Steven Hofman: Politics gets in way
April 30, 2011
Steamboat Springs — Buy local, buy local, buy local. Jobs, jobs, jobs. Affordable housing, affordable housing, affordable housing. Hollow words and sentiments in light of the actions that occur in our community.
Ryan Wood has a plan for a business. He is not suggesting something controversial, like more pot dispensaries, a casino, or a slew of massage parlors. In the ways of traditional Northwest Colorado commerce, he raises beef. His crime in the minds of some is that he wants to build a business to market his product to wider consumers. If successful, it will mean more local sales, more local revenue and more local opportunity.
But no, it upsets a few people who don't want to see change, progress or anything that might just slightly upset their view of how things should be. So they use a political process to make things difficult for Mr. Wood and his vision of a viable business.
And, of course, the politicians dance to the tune of the people they know better. After all, Mr. Wood is new to our community. So the politicians, most of whom have been in their jobs way too long and have forgotten that the meaning of public service is found in fair and thoughtful representation, find reasons to "just say no." Their language is to "table" Mr. Wood's plan for future consideration. But we don't need a dictionary to get the message; even after a unanimous recommendation of support for Mr. Wood's plan from the non-political Routt County Planning Commission.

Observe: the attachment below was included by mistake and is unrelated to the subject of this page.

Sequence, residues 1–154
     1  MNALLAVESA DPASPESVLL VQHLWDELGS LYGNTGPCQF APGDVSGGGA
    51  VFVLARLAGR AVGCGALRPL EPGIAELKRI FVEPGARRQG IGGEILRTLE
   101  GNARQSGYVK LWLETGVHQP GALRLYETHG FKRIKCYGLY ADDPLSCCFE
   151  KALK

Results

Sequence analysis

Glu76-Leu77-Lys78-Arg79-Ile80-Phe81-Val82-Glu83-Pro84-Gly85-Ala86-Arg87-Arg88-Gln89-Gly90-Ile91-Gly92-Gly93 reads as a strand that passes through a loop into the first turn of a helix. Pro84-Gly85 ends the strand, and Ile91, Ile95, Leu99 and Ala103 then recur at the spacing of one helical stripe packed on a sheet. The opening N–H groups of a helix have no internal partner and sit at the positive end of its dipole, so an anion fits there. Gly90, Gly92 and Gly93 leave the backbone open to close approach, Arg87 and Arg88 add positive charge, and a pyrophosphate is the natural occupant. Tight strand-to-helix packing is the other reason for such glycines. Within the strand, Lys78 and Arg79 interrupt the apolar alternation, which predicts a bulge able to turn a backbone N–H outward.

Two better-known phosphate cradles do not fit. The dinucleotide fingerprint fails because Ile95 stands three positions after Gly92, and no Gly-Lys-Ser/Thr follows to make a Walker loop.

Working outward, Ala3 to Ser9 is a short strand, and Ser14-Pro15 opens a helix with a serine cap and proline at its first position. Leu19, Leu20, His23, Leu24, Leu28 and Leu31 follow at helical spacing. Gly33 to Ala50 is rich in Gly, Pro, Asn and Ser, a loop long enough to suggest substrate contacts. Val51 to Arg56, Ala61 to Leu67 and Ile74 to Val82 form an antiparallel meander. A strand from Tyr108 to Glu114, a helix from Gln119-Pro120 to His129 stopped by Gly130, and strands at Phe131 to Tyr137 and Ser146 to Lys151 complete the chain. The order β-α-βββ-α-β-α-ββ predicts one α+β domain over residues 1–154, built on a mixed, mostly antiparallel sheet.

I don't know Mr. Wood. Never met him. But I do know hypocrisy and narrow self-interest when I see it. Buy local doesn't mean competitive prices, choice and quality. It means just support the folks who have had a business for some time and deserve to get our money. But when someone comes along with an idea to do something different that may mean competition, lower prices, greater choices and more opportunity, there are always reasons to slow them down, prevent change and preserve the status quo. In the days of the booming construction and real estate markets, that approach, even as wrong headed as it was then, could be afforded. No longer. How many empty storefronts and lost jobs do we need to see to get the message that the future is about deeds, not words.
The reputation of our community as a less than hospitable place to bring jobs, income and opportunity is growing among people who would consider taking such steps. I know, because I speak with many of them. It says a lot about the commitment to our community that people like Mr. Wood and others stay patient with a decision-making process that puts politics ahead of economic opportunity. But as the patience of sensible people wears thin, and as we see other communities race ahead of our own, let the record show when it happened and who led the way.